Claude Chabrol’s Les Bonnes Femmes is a valentine written in poisoned ink—the cinematic equivalent of Tough Love. It sinks its teeth down to the acrid core of its characters, yet chews them with real affection. A critical and popular misfire in France in 1960, Femmes wasn’t even shown in the United States until 1966, by which time it was already overshadowed by the French New Wave’s more famous efforts. Now revived by Kino International, it leaves one wondering how so many people could have gotten it so, so wrong.
Les Bonnes Femmes covers three days in the lives of four Parisian shopgirls, following them through a night’s debauch, a long, drab day on the job, another night of celebration, and part of the following day. The women are in no way remarkable, but they’re types we’ve lived beside all our lives: a party girl; a mouse who’s ready to sacrifice what little identity she has in order to secure a husband; an aspiring singer whose insecurity causes her to hide her ambitions from her friends; and a daydreamer yearning for the white knight who will rescue her from her dead-end existence. The women live in a world that mocks them, uses them, heartlessly exposes their hopes as desperate fantasies. Worse yet, they’ve been so pulverized by longing that they don’t even have each other to cling to; they’re all too busy drowning to think of saving one another.
The keynote is struck during the opening titles as scores of vehicles race through a traffic concourse in a million different directions yet somehow just manage to avoid hitting each other. The film’s sequences haven’t been formed to reach a point-making climax; rather, they start, and then just go on until they stop. These women (and their men) act out their lives with a maximum of movement and noise, until we realize that their behavior is a direct if grotesque outgrowth of their brittle emotional lives. Amongst themselves they are always fretting, laughing, banging on tables; they grow quiet only when fully engaged in their dreams or when their anxieties have deflated them.
Femmes turns the world into a nightmarish expression of what the women suspect is the truth of their own existence. Their would-be swains are funhouse-mirror caricatures whose enfeebled notions of masculinity are reflected in their clown disguises and beanie-style bathing caps, in the way they grovel before their mothers or gracelessly press their hands into a woman’s skirt, in their poses as wimps and louts and outsized pranksters. But the men’s very absurdity calls into question the women’s appearance as well. When we look at the women, we only see an idealized version of themselves, their collective dream; everything else in the movie is their collective nightmare. Even the climactic act of violence swims into the movie like a daydream grown inexorably sour.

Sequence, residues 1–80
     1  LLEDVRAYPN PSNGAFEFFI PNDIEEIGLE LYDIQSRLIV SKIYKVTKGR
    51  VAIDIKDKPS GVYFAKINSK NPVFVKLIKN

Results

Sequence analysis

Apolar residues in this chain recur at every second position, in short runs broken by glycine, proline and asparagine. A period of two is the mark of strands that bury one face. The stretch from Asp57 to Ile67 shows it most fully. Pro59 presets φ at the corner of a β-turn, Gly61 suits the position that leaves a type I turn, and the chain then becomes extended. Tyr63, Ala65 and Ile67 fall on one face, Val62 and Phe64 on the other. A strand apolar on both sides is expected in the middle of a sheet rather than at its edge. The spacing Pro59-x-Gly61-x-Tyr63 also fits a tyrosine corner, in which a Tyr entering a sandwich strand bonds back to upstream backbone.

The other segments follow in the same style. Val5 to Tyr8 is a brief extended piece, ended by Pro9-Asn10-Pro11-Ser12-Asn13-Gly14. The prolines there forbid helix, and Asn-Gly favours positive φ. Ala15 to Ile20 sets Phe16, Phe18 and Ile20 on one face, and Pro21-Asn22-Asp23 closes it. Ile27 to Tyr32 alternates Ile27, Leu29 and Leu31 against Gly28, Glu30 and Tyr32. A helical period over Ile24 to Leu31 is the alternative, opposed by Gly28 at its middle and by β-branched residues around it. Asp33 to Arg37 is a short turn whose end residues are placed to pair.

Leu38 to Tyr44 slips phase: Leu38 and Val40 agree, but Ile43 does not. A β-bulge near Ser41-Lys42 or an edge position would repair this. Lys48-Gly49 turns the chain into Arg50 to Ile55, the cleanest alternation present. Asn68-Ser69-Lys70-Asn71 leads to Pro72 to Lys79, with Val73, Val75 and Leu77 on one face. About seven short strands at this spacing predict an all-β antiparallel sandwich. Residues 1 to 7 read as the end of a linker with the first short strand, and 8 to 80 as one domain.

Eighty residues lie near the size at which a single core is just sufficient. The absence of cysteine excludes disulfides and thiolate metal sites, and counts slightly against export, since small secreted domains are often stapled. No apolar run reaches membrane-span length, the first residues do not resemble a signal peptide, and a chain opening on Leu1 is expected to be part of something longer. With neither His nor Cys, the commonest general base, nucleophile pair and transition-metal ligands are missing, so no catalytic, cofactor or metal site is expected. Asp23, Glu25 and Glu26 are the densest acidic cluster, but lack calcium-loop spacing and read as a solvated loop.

All four stars—Bernadette Lafont, Clothilde Joano, Stephane Audran, and Lucile Saint-Simon—fill out their roles, but Lafont and Joano linger in the mind afterwards. As Jane, the adolescent caught in a body that’s bursting with sexuality, the eye-popping Lafont (The Mother and the Whore) nails a sensibility that can’t be calmed down. Not even at dawn, when her carryings-on have left her just enough time to slap some perfume into her armpits before heading off to work, does Jane have any inkling of the toll her lifestyle is taking on her. Joano, as the diehard romantic who’s being pursued by a mysterious stranger, shows how Jacqueline’s yearning has put her into a walking coma. Near the end, when her dream lover has miraculously materialized, she lights to earth in bodily form; for the only time in the movie, we see one of the characters as she truly is, undistorted by fear or desire.
Claude Chabrol sometimes thought about his material so much that it reached the screen a little flattened by the process, but in Femmes he blazed a shortcut between his brain and what he actually got onto film. Its images are raw and undigested—they haven’t had the chaos polished out of them. The great cinematographer Henri Decae (Bob le Flambeur, Plein Soleil), working in a dingy black and white, turns the French capital into a maze of shadowy streets that extend in every direction. More than most movies Femmes is a vivid reflection of its time, giving us a precious insider’s view of the decor and manners of mid-century Paris.
Les Bonnes Femmes has its moments of irritation and excess, but it also contains bursts of filmmaking as vibrant and satisfying as anything produced by the New Wave. The strip-club sequence, a freewheeling montage of faces and bodies inflamed by lust and alcohol, appears to have influenced the best scenes in films as different as Lenny and Schindler’s List. A quiet, searching conversation in a restaurant uses as its background music the carefully modulated tinkling of the customers’ silverware. And the film’s final five minutes are a masterful blend of choreographed camera movements and impeccably controlled sound effects, culminating in an image that puts a universal face on these lives of noisy desperation.